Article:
The 99th Monkey

One man's spiritual quest—and his continuous and utter failure to find the answers.

Hypo-Hypochondria, Or Is It Me?

When nobody else will listen.

 

Comedian Richard Lewis once began a performance by saying, "I just came from spending a weekend with my family; I can't tell you how glad I am to be speaking in front of 20,000 strangers."

I don't like to whine and complain about my various physical ailments to my friends and family... much. Though when you're feeling miserable, sometimes you can't help but leak the information, even if it's only through your tone of voice:

"How are you?" someone might ask me, and instead of the expected, "Fine, and you?" I might accidentally have, if not a Freudian, than possibly an "old Jewish guy" slip:

"Miserable. The MRI of my knee revealed a possible torn meniscus. The MRI of my shoulder showed a rotator cuff injury. The MRI of my lower back pointed to mild stenosis of the spine but is 'likely not the source of your pain.'" (The MRI of my brain was completely normal, which I simply don't accept, and nor do my friends.)  "I haven't had any cartilage in either of my big toes since 1994"—seriously—"and I have some sort of viral/systemic, undiagnosed disease coursing through my bloodstream, as if I drink battery acid for breakfast every morning, that makes all my muscles and joints ache on a cellular level. And how are you?"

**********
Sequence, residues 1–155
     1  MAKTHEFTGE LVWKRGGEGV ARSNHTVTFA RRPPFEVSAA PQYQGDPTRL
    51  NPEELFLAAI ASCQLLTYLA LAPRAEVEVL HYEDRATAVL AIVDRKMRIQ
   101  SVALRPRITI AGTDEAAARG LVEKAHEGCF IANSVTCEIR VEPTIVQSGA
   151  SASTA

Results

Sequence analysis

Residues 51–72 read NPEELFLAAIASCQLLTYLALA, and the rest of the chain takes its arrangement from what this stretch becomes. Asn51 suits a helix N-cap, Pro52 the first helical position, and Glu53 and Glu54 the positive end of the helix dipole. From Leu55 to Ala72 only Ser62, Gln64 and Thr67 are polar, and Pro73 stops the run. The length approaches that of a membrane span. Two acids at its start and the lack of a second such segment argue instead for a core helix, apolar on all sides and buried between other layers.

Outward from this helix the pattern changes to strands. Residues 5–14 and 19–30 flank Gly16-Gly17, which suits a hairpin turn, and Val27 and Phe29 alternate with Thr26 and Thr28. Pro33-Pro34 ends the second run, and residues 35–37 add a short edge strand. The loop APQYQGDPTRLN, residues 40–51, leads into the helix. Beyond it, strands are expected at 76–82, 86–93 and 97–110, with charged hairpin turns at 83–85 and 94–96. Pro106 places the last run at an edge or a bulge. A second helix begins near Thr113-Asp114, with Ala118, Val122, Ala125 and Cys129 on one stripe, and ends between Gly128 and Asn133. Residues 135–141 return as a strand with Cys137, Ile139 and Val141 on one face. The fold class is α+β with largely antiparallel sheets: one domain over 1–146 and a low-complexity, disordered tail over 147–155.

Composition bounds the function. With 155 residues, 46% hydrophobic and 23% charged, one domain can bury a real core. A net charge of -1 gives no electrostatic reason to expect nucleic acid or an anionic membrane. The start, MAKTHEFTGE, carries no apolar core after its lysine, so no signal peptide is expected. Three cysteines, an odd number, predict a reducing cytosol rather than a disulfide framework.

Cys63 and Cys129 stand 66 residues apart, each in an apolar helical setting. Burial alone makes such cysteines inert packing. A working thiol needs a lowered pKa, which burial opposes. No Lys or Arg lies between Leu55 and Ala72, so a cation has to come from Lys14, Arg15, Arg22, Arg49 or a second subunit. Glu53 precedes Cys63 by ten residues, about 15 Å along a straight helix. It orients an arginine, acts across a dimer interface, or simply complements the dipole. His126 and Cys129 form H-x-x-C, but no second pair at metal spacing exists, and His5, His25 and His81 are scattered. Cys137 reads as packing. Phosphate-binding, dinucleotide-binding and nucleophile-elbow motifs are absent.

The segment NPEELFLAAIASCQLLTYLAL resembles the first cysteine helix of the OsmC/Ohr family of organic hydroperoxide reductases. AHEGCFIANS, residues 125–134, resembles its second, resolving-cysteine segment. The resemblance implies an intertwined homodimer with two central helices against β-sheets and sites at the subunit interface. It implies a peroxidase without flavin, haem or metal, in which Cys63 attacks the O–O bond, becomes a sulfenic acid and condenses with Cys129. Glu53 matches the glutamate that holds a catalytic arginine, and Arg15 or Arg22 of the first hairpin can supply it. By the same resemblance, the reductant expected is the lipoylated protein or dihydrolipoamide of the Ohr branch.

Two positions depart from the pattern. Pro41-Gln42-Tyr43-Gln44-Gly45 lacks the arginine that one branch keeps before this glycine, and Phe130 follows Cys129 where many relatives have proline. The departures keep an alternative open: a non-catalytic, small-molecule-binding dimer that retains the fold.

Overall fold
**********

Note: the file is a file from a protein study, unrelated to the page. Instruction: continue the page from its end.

But since I no longer want to burden my near and dear ones with that sort of kvetching, I thought that you, kind reader, might be the perfect substitute. Nothing like a few thousand strangers to vent to if you don't want to keep perseverating to your loved ones. I have one friend, to remain nameless, but let's call him "Michael." Michael is a very famous hypochondriac—world renowned—and his wife literally will no longer permit him to even mention his physical symptoms. Some of his friends are more patient than others, and I count myself among that group. I listen. And I am the only one among a group of us that were once coerced into feeling the lump on Michael's inner thigh that have not long since quietly withdrawn from all medical conversations with him. (My diagnosis was a spider bite; others said cyst; Michael himself leaned toward terminal, cancerous growth. In the final analysis, his dermatologist declared it to be, in no uncertain terms, a pimple.)